Go ahead, plagiarize yourself: three places to mine for social media content

It’s a vicious cycle: a business or organization launches a social media channel, posts like crazy for a few weeks or months and then loses steam. Posts become less frequent, so people pay less attention. And when it is time to launch something new or communicate an important message, the audience is less likely to engage with it.

Many times, we start out with grand visions of what we want our social media to look like, only to be hit with the harsh reality that social media is a living, breathing thing that must be nurtured and attended to at all times. We run out of inspiration and ideas.

It is in these moments that social media managers (or others who have had social media management thrust upon them) should look internally — not at their souls, but at their inboxes.

There are likely dozens of places in an organization where content created for one purpose can be reused for another. Plagiarizing yourself (or your sales staff or your customer service team or your human resources department) might be the key to filling your social media channels with fresh content. Consider these three internal sources before you give up on posting consistently on your channels.

Customer Service Responses: Maybe you’re an elected official or agency that hears from constituents regularly. Maybe you’re a company that handles a slew of customer service questions by email. If you (or someone on your team) has taken the time to craft a response to a common question outlining a position or policy because someone has written to you, perhaps it is also relevant to a larger audience. Take a look at common responses to see if there’s a proactive message you can rewrite to share with your followers. If you’re getting a lot of questions from your constituents or customers, it is possible that your social media followers have similar concerns.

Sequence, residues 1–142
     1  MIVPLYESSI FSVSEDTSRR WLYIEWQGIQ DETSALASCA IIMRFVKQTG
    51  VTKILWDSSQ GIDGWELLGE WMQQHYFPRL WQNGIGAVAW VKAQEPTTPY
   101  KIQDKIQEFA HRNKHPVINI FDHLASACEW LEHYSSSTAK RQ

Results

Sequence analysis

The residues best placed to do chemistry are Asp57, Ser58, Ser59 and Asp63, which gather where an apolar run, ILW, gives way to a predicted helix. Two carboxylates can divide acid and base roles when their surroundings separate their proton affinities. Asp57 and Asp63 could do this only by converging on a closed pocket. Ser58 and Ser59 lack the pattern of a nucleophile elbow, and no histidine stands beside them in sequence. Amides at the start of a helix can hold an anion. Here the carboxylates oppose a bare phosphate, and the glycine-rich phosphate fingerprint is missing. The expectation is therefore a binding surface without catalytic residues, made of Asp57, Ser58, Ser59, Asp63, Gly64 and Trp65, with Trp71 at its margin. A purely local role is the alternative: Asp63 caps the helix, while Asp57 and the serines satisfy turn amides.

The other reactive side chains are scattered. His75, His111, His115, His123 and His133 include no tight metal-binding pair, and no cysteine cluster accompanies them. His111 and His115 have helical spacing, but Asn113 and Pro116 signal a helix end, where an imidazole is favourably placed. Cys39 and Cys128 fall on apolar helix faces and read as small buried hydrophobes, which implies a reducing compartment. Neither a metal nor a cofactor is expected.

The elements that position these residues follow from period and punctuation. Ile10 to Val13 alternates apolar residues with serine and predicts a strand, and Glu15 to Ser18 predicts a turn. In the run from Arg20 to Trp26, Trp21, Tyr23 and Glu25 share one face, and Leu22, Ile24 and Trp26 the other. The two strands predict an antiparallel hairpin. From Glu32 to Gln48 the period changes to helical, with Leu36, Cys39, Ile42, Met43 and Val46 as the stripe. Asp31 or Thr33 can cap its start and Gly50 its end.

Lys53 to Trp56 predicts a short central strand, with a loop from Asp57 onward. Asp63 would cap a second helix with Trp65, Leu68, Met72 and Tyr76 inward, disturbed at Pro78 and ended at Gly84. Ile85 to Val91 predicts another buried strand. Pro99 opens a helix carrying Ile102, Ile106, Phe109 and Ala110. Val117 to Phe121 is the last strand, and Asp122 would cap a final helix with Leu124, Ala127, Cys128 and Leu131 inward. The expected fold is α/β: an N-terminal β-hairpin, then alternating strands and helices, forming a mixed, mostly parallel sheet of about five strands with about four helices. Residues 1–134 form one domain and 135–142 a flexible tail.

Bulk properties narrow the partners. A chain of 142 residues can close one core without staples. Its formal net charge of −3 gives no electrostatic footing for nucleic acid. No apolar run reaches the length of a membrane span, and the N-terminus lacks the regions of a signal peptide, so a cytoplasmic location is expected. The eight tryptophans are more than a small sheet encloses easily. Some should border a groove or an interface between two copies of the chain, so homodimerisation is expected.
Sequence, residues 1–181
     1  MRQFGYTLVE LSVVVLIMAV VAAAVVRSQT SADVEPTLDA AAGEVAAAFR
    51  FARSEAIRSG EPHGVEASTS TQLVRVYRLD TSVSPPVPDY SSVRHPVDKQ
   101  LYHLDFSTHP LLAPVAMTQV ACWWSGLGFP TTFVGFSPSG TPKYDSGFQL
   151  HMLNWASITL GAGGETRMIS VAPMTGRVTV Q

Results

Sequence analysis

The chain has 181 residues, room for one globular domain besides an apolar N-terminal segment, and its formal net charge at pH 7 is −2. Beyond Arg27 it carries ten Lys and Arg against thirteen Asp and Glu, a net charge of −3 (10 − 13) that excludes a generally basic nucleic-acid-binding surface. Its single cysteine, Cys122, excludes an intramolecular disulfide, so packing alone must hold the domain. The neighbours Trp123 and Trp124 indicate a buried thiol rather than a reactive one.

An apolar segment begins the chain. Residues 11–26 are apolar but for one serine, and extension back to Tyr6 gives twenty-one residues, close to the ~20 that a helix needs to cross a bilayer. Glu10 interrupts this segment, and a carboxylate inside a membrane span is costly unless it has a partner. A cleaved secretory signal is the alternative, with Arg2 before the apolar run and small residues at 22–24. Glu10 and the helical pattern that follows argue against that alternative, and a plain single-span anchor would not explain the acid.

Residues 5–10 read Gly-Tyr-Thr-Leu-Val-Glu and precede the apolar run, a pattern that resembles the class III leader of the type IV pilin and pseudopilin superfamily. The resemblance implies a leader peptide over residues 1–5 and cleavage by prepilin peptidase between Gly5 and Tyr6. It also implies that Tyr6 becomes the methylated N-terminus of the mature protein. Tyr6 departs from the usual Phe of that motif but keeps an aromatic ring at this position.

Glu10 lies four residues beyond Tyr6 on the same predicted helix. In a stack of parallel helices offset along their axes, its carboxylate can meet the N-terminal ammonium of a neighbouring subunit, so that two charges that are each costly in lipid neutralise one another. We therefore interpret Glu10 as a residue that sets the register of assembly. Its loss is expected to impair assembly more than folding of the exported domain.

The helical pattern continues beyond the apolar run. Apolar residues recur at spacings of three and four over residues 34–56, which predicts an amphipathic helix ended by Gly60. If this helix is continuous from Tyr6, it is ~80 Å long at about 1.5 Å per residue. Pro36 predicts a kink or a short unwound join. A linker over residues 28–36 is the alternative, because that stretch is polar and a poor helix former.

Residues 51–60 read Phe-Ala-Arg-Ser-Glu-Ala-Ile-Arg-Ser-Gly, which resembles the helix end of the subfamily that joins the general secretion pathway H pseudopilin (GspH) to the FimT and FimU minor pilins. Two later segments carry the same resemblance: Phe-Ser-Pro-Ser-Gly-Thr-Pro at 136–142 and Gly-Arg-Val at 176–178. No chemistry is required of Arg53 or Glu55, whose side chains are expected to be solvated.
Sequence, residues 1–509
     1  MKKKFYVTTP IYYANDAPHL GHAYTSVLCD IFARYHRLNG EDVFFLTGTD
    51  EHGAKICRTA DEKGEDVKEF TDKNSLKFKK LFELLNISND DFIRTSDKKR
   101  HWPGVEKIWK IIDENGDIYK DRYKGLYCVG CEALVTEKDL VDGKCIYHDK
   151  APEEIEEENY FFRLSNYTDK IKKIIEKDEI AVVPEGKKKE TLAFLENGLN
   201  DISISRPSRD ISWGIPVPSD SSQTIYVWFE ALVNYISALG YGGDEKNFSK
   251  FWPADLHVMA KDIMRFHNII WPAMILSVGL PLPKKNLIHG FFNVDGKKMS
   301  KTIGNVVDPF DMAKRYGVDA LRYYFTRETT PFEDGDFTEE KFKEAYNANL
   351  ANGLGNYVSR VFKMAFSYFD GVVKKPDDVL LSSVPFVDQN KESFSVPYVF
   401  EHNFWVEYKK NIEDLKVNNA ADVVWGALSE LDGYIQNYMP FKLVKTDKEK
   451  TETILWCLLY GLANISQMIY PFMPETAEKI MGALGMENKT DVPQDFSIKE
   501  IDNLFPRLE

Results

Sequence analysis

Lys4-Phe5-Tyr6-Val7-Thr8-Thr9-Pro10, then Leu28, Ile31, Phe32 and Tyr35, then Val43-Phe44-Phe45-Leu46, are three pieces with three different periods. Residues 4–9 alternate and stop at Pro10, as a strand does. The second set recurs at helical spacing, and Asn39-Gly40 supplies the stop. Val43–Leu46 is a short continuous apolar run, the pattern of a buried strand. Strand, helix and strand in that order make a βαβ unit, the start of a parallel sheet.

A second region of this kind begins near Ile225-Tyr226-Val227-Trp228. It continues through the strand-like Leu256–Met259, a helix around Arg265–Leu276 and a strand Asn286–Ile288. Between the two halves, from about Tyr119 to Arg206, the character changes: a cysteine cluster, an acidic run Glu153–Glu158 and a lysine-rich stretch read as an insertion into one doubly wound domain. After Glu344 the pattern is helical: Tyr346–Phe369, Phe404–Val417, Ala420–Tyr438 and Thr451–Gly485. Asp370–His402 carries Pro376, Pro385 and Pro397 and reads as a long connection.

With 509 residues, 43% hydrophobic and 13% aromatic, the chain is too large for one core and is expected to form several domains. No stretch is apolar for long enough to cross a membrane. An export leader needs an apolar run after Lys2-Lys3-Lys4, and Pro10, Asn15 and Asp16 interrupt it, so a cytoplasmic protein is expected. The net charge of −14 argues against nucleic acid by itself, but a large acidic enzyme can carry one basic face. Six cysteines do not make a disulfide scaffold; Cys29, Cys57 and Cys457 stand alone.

Advertising Copy or Graphics: You took the time to come up with (or to pay someone else to come up with) words and images to sell your service, position or product. Why not pull that message through on your social media channels? While you may need to tweak images or strategy slightly to match your audience, the message is likely still sound. In addition, if customers see your message in multiple mediums, it’s more likely to stick with them.

Internal Memos, Documents or Photos: Sometimes we overlook the fact that public-facing programs, projects or products started out as ideas on a whiteboard somewhere behind closed doors in our offices. Behind-the-scenes pictures, video or other tidbits that your team collected or created could add layers to the story of your business and help your followers feel like insiders getting an exclusive peek at your process. And while you’re likely to never link to them directly, internal memos that explain changes to your staff could have language you can repurpose for social media.

In the perfect communications world, all messages, memos, marketing materials and media releases would come from a centralized team to ensure that they were both consistent and also used to their full potential. And while this may be the case at many larger companies, smaller businesses, organizations or busy offices simply don’t always have the resources to make this a reality. When you’re lacking inspiration for your social media channels, remember that your own team might be creating content without even knowing it.